How the Fight for Vast New Spying Powers Was Won

By Joby Warrick and Walter Pincus
Washington Post Staff Writers
Sunday, August 12, 2007

For three days, Mike McConnell, the director of national intelligence, had haggled with congressional leaders over amendments to a federal surveillance law, but now he was putting his foot down. "This is the issue," said the plain-spoken retired vice admiral and Vietnam veteran, "that makes my blood pressure rise."

McConnell viscerally objected to a Democratic proposal to limit warrantless surveillance of foreigners' communications with Americans to instances in which one party was a terrorism suspect. McConnell wanted no such limits. "All foreign intelligence" targets in touch with Americans on any topic of interest should be fair game for U.S. spying, he said, according to two participants in the Aug. 2 conversation.

McConnell won the fight, extracting a key concession despite the misgivings of Democratic negotiators. Shortly after that exchange, the Bush administration leveraged Democratic acquiescence into a broader victory: congressional approval of a Republican bill that would expand surveillance powers far beyond what Democratic leaders had initially been willing to accept.

Yet both sides acknowledge that the administration's resurrection of virtually unchecked Cold War-era power to surveil foreign targets without warrants may be only temporary. The law expires in 180 days, and Democrats, smarting from their political defeat, have promised to alter it with new legislation to be prepared next month, when Congress returns from its recess.

"The real train wreck happens in September," said a senior administration official involved in the negotiations with Congress. He was referring to House Speaker Nancy Pelosi's declaration hours after the bill's passage that portions are "unacceptable" and that the public will not want to wait six months "before corrective action is taken."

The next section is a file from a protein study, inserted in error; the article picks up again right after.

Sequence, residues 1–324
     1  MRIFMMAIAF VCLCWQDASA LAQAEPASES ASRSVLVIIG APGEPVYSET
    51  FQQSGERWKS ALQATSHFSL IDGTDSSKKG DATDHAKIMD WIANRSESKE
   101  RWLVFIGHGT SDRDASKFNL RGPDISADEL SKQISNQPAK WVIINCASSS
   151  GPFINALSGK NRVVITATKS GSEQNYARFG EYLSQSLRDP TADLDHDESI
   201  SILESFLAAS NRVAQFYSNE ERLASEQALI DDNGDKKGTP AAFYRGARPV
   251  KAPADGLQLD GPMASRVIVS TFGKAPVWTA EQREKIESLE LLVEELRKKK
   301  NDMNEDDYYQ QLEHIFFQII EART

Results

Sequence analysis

Until September -- and possibly for much longer -- the new law will enable the high-tech collection of foreign communications without judicial scrutiny on a vastly larger scale than previously possible, allowing billions of phone calls and e-mails inside as well as outside the United States to be routinely screened for possible links to terrorism and other security threats.

Congressional, administration and intelligence officials last week described the events leading up to the approval of this surveillance, including a remarkable series of confrontations that ended with McConnell and the White House outmaneuvering the Democratic-controlled Congress, partly by capitalizing on fresh reports of a growing terrorism threat.

"We had a forcing function," a senior administration official said, referring to the intelligence community's public report last month that said al-Qaeda poses a growing threat to the United States and to lawmakers' desire to leave town in August. "The situation was key to making it work," the official said, adding that the report's conclusions were "fortuitous" rather than engineered.

The encounters left mistrust on both sides that will complicate the next round of debate. "They said, 'Trust us, we'll fix it,' " the senior administration source said of the Democrats' proposals. "But every time the bill came back, it had language [the administration] couldn't live with."

What McConnell wanted most from Congress was to be able to intercept, without a warrant, purely foreign-to-foreign communications that pass through fiber-optic cables and switching stations on U.S. soil. That provision was meant to restore a U.S. capability that existed three decades ago, when a 1978 law allowed warrantless surveillance of foreign calls that were overwhelmingly relayed wirelessly.

Since then, advances in technology have caused 90 percent of global communications to pass through wires -- mostly optic fibers capable of carrying 6,000 calls in a strand. That development has been a boon to the National Security Agency, which has worked hard to monitor the traffic with U.S.-based taps and concluded it was doing so legally.

But in a secret ruling in March, a judge on a special court empowered to review the government's electronic snooping challenged for the first time the government's ability to collect data from such wires even when they came from foreign terrorist targets. In May, a judge on the same court went further, telling the administration flatly that the law's wording required the government to get a warrant whenever a fixed wire is involved.

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